White Denim - Corsicana Lemonade - Albums - Reviews - Soundblab

White Denim - Corsicana Lemonade

by Nathan Fidler Rating:9 Release Date:2013-10-28

With each passing album, White Denim sound more relaxed in what they're doing, and while for some artists that would be a bad thing, for these Texans it helps them to hone their grooves and provide a strategic punch. If there is an album to showcase both their musical prowess as well as their penchant for a tune, then Corsicana Lemonade is it.

This band has gone from a garage, experimental rock sound to the kind of psychedelic rock you'll hear on 'At Night in Dreams'. Where Workout Holiday and Fits had them tumbling end over end, this album flies a lot straighter. It won't seem straight-forward if you're a top 40 devotee but 'New Blue Feeling' is a far more reserved, short song - almost ballad-like in the beginning - with comforting lines.

What stands them in good order is the ever-brilliant drumming Joshua Block, without whom there wouldn't be a place for the range of guitar shenanigans on display. He's been reigned in, which is the only shame, but songs still race off from you, making you chase the narrative. 'Let It Feel Good (My Eagles)' seems to tell the story of retired criminals, cranking up the fun with each section. James Petralli sounds like he's having the time of his life as he chuckles out "If it feels good/ let it feel good to ya".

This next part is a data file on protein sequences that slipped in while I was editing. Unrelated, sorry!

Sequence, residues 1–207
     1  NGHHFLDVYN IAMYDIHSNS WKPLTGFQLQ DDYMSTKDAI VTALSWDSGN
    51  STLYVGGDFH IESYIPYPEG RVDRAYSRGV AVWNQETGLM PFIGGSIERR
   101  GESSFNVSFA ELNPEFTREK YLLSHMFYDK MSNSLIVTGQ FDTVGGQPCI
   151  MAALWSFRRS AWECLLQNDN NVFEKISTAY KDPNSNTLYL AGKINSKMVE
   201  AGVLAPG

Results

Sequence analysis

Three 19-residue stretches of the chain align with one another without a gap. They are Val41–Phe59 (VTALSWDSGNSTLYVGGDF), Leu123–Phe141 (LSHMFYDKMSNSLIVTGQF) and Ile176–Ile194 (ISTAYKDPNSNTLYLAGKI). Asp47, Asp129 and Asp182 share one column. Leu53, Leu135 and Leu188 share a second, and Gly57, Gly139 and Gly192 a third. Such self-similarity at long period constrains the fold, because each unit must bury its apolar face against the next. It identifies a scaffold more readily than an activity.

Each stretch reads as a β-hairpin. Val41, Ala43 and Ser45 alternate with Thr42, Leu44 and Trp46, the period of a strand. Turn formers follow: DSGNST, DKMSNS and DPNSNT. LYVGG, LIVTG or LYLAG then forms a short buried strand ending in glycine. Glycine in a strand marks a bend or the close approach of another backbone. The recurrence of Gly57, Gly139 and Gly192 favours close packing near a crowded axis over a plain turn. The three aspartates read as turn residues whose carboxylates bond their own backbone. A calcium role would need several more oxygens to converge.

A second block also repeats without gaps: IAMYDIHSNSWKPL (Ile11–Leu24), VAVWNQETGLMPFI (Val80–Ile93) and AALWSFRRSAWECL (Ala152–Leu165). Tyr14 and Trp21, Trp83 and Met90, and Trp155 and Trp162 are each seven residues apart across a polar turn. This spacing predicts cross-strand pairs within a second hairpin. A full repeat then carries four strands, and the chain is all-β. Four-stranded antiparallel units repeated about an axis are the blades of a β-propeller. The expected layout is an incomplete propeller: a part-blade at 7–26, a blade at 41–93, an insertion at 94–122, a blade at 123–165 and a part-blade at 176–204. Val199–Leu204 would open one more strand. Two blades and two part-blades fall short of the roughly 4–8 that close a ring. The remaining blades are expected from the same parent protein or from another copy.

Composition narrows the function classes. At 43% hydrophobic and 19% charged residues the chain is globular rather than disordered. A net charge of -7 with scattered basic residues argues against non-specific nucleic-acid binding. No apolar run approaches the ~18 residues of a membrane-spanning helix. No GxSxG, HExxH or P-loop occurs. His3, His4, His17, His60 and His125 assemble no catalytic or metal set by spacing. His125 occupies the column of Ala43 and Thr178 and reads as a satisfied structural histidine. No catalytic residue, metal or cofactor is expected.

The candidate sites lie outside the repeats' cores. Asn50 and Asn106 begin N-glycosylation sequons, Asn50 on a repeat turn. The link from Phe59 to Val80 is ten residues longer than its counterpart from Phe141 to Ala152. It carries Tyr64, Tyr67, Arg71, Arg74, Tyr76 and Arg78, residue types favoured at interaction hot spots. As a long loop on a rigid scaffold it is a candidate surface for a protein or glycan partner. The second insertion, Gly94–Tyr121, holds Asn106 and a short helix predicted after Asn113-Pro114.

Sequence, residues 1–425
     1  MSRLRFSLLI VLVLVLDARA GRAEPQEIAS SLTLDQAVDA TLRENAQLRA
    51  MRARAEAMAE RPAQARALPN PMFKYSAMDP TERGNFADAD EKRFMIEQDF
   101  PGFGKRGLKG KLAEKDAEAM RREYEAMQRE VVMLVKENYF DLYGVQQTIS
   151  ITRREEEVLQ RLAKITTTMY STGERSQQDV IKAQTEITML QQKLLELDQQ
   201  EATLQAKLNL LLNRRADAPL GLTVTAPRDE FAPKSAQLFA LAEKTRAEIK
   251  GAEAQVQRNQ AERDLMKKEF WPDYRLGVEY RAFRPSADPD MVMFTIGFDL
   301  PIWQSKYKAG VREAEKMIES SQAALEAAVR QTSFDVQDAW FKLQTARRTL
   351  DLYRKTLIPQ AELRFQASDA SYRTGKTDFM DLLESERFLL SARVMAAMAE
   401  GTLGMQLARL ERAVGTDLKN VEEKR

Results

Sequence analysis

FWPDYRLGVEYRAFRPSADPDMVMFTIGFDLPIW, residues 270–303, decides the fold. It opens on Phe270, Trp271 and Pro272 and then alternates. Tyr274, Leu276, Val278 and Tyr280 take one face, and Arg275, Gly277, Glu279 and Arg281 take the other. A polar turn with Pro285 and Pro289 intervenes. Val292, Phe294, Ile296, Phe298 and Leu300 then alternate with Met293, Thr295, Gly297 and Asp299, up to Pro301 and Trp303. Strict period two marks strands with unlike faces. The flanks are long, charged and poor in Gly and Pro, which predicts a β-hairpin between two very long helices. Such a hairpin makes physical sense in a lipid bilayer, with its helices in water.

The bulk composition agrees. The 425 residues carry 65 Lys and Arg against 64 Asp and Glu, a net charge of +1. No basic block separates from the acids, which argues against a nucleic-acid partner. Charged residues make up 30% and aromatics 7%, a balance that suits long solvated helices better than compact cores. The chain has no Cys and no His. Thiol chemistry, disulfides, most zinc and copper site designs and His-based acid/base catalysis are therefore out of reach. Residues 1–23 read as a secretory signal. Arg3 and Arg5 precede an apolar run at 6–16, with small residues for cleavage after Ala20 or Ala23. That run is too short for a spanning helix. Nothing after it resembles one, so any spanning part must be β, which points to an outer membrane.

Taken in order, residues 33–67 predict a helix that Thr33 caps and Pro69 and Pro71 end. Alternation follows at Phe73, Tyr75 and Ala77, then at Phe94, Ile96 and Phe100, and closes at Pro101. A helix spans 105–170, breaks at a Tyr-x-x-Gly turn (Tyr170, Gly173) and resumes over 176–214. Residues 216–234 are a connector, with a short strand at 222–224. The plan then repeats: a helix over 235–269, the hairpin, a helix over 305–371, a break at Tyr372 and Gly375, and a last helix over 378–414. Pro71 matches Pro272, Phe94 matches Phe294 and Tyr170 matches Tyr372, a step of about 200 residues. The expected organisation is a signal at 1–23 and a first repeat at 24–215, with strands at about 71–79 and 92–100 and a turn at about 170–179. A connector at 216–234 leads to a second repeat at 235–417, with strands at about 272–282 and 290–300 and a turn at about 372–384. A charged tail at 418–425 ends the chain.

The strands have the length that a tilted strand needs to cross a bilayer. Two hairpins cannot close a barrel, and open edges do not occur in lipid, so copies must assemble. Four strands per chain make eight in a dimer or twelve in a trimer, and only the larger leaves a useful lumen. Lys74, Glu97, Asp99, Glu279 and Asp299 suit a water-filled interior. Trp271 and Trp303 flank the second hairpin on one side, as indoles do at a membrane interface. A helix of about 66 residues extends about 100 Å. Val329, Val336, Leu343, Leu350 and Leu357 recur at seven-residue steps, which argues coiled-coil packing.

With age comes wisdom and these boys are developing bags of it. Such a solidly consistent album should be lauded by all and probably will be now they've married the art of expressive playing with the craft of creating stonking songs. 'Pretty Green' drags a little but the bass keeps jogging on the spot, waiting for the next song to really turn loose.

If you've come to love the slap-dash nature of this band then you'll be disappointed' there is no foreign, two minute, freak-out song or kaleidoscopic prog-rock to be had. This time you've got to let go of the white-knuckle-ride and enjoy sipping lemonade on the balcony in the baking hot sun. 'A Place to Start' will show you the way with wide cymbal rides and soulful, stuttering organs.

The itchy playing is still there, but early on the itch is scratched, giving way to solid, funk-rich riffs on 'Come Back' and 'Distant Relative Salute'. This album has joy in all its forms and when they say "you can come back any time", you know you'll want to.

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I always thought their self titled album from '97 had hints of Bowie so if this is anything like that it'll be great.

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